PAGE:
Furthermore, you obviously underestimate Ponomariov and Leko.

And finally, I remember some years ago, when he was about 13, Le Quang Liem had a blitz rating of 3300+ in ICC. And now he has won Aeroflot. I don't think you realize how hard it is to win this tournament.

Thomas's picture

At every supertournament, people immediately start criticizing the field, saying that player X or Y shouldn't have been invited ... .

Ponomariov: As I already wrote in the Bazna thread, he didn't get THAT many invitations recently. It is probably coincidence that he now gets two in a row (I don't think it's a coordinated action by the Romanian and German organizers). Maybe his appearance fee demands are comparatively moderate?

Naiditsch: Like it or not, he is the highest-rated German player. And he is a local guy from Dortmund.

Peter Doggers's picture

And he won the tournament in 2005, ahead of Van Wely, Topalov, Svidler, Kramnik, Adams and Leko...

Thomas's picture

On second thought: Maybe Ponomariov's result at the World Cup also put him in the spotlight again - like it or not, he reached the final and almost qualified for the candidates tournament .... . I don't know when organizers start putting the field together, it may well take a few months to have all contracts signed and the field to be announced.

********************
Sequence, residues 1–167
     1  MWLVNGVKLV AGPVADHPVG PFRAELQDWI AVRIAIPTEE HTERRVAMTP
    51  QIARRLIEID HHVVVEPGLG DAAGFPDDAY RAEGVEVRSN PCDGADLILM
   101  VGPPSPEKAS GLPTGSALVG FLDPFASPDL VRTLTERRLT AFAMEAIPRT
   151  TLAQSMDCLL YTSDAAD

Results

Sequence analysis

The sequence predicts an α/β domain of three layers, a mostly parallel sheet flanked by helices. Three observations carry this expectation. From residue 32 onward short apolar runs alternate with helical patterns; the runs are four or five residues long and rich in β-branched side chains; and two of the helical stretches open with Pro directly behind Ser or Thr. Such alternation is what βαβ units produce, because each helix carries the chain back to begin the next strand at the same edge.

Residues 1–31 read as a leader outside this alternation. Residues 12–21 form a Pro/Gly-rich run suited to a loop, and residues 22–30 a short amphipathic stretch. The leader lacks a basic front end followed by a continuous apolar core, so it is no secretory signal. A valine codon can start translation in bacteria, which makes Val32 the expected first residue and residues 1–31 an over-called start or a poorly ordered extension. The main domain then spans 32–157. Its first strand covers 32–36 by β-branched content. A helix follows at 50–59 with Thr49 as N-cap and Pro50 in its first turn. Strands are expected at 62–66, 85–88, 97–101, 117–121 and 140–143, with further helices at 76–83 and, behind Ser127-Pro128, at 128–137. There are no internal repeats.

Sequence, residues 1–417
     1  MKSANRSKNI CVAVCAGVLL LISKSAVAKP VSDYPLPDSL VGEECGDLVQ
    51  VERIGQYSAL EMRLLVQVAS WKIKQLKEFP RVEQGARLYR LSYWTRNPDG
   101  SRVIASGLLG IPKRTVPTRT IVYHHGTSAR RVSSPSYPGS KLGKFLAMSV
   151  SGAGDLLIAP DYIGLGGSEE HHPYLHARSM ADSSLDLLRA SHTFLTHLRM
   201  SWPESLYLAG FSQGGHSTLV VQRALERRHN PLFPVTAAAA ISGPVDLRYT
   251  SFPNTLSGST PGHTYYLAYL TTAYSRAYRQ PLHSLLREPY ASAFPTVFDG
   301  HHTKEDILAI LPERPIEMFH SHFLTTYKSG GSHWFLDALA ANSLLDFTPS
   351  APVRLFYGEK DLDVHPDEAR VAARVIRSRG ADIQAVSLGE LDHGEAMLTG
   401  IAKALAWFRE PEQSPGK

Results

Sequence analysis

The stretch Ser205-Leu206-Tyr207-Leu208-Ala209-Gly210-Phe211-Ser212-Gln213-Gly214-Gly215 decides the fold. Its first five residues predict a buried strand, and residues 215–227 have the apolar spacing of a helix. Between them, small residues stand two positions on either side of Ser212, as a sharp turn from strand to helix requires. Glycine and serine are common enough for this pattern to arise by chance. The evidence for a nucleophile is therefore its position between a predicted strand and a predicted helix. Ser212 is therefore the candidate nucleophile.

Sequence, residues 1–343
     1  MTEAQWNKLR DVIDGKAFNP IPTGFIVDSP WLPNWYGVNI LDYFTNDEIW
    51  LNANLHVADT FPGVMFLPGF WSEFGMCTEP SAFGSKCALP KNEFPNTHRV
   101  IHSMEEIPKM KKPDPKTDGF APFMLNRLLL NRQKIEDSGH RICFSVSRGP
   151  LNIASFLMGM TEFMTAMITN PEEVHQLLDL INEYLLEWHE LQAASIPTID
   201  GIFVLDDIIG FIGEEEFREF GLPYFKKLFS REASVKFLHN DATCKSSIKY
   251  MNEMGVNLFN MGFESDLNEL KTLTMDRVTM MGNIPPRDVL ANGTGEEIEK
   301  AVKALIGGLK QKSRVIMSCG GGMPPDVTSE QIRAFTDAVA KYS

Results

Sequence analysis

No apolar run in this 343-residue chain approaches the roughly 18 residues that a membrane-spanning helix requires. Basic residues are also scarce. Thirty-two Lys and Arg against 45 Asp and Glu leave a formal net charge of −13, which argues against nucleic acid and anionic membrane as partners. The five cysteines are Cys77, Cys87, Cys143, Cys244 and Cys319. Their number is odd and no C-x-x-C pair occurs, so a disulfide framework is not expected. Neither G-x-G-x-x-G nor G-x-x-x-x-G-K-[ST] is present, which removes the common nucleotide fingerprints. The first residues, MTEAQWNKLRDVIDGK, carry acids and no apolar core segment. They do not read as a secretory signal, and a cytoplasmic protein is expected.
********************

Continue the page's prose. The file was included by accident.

Also related to the World Cup: Should Malakhov also get one or two high-level invitations?

ChessGirl's picture

Ponomariov was invited to Bazna just a few weeks ago, he might have just fooled the poor Romanians into thinking he can actually play chess.
Malakhov played very well last year, I agree with Thomas it would be nice seeing him in some of these tournaments.

Mig's picture

When the drawing of lots takes place is largely meaningless in a double round-robin. The problem was when it was a single round-robin a few years ago and Dortmund still did the draw early and behind closed doors. Not kosher.

gg's picture

"I don’t understand this, he is no 6 in the live list, how can he not be a top 15 player?"

Mamedyarov wasn't top 15 on any of last year's rating lists.He picked up lots of points on lower boards in team events and is suddenly 6th thanks to that but has never scored a good result in a strong tournament and won't win Dortmund either.

Georgios Souleidis's picture

"...did the draw early and behind closed doors. Not kosher."
@Mig:
Behind closed doors??? Not kosher???
German journalists of the biggest local newspapers were invited to the press conference. Some of them came and took part at the drawing of lots. Of course this wasn´t a big celebration, just a nice intro for the tournament. So everything is allright.

Serdal's picture

The funniest thing for me: On the Dortmund home page there is a text presenting Leko as someone who is 'at his best'. I assume it is the same Leko as the one that won Dortmund 2001 and that was (with Kasparov, Anand and Kramnik) in the inner circle of the chess elite...

Peter Zhdanov's picture

Kramnik has a decent chance to win Dortmund for the 10th time :-)

Latest articles